The BBC's Rajesh Mirchandani reports from a Los Angeles prison where inmates are learning the art of acting under the tutelage of Shawshank Redemption star Tim Robbins.
At Norco Prison east of Los Angeles, around 20 inmates are wearing stage make-up and blue boiler suits.
On their backs reads "CDCR Prisoner" - the initials standing for California Department of Corrections and Rehabilitation.
In the middle of the room, a tall figure with unruly white hair holds court.
He is Tim Robbins, an Oscar-winning actor who enjoys cult status among inmates after appearing in 1994 prison drama The Shawshank Redemption.
The 52-year-old is a founder of The Actors' Gang, an acting troupe that runs a prison theatre workshop here.
This Hollywood masterclass is on Commedia dell'arte, a style that originated in 16th-Century Italy and involves actors in masks playing basic character types.
Here, inmates learn to portray four different emotions: happiness, sadness, fear and anger.
If anger is what got them into prison in the first place, Robbins argues, his class might just help them stay out of prison in future.
California's prisons are crammed with re-offenders. Here, 160,000 - around twice the total number of inmates in the UK - are locked up in prisons built for half that number.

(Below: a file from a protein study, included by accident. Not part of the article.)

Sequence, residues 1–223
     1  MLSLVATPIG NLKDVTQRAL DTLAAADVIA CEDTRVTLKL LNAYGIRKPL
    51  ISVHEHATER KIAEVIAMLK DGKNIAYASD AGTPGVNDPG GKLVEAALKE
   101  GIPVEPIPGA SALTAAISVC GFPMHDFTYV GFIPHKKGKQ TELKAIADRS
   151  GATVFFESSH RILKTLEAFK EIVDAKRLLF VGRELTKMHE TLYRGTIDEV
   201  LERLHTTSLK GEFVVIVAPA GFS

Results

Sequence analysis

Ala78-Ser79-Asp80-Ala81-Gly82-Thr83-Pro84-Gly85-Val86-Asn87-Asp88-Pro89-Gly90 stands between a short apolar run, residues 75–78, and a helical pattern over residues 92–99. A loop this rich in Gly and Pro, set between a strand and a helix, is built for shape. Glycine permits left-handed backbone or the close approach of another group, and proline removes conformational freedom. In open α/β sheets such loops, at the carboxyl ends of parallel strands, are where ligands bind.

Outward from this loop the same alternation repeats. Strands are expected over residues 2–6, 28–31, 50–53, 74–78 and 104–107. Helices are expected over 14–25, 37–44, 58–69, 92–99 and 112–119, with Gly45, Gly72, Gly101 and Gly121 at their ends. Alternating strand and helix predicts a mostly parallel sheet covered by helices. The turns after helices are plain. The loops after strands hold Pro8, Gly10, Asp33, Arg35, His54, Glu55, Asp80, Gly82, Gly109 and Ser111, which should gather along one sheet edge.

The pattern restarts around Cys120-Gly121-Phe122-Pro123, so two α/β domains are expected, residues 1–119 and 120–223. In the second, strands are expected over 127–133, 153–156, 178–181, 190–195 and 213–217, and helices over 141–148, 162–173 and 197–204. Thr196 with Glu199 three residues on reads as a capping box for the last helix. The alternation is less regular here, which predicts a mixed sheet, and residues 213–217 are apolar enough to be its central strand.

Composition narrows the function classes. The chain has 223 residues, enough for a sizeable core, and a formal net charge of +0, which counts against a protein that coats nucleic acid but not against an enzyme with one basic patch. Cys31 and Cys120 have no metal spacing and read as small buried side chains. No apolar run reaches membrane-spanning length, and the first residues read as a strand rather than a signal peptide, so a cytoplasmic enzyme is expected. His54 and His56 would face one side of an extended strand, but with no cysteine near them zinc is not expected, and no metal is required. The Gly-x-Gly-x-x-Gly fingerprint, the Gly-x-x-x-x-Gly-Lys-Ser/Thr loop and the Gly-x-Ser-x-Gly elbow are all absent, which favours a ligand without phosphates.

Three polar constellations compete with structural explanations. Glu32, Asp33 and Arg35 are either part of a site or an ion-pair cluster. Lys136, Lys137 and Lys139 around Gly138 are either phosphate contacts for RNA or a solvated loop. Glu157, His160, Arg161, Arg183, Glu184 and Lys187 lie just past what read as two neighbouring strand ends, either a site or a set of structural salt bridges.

According to CDCR and the California Governors office, the rate for repeat offending is around 70% - the highest in the US.
As a result, prison management devours a huge chunk of state expenditure. Yet California faces a budget deficit of some $25bn.
Republicans in the State Legislature have refused to allow Democratic governor Jerry Brown to extend existing tax rises, preferring instead to balance the books with swingeing service cuts.
No area of state spending - welfare programmes, education, parks or infrastructure - is immune to the red pen. Thus California has axed all state-funded prison arts programmes.
"We have cut back not only on arts programs, but educational programmes, vocational programmes [and structured substance abuse programmes," says Norco's deputy chief warden Kevin Peters says.
"That all has an effect. However, the fact is money is going to be spent in the community - schools, children - many times before inmates."
The few classes that continue - like Robbins' prison workshop - depend on charity. At Norco, though, many inmates consider it a lifeline.
"I believe this programme has helped me be honest with myself," says Robert, who is serving six years for domestic violence.
"I'm going to do everything within my power to stay out of here."
Back in class, the prisoners improvise around lines of Shakespeare. An audience of prison officials and other inmates laugh and clap as the "actors" clown around.
They perform an extract from A Midsummer Night's Dream in which the character Bottom is magically given the head of an ass.
It is a scene of transformation in more ways than one. But these days in California, it's an increasingly rare one.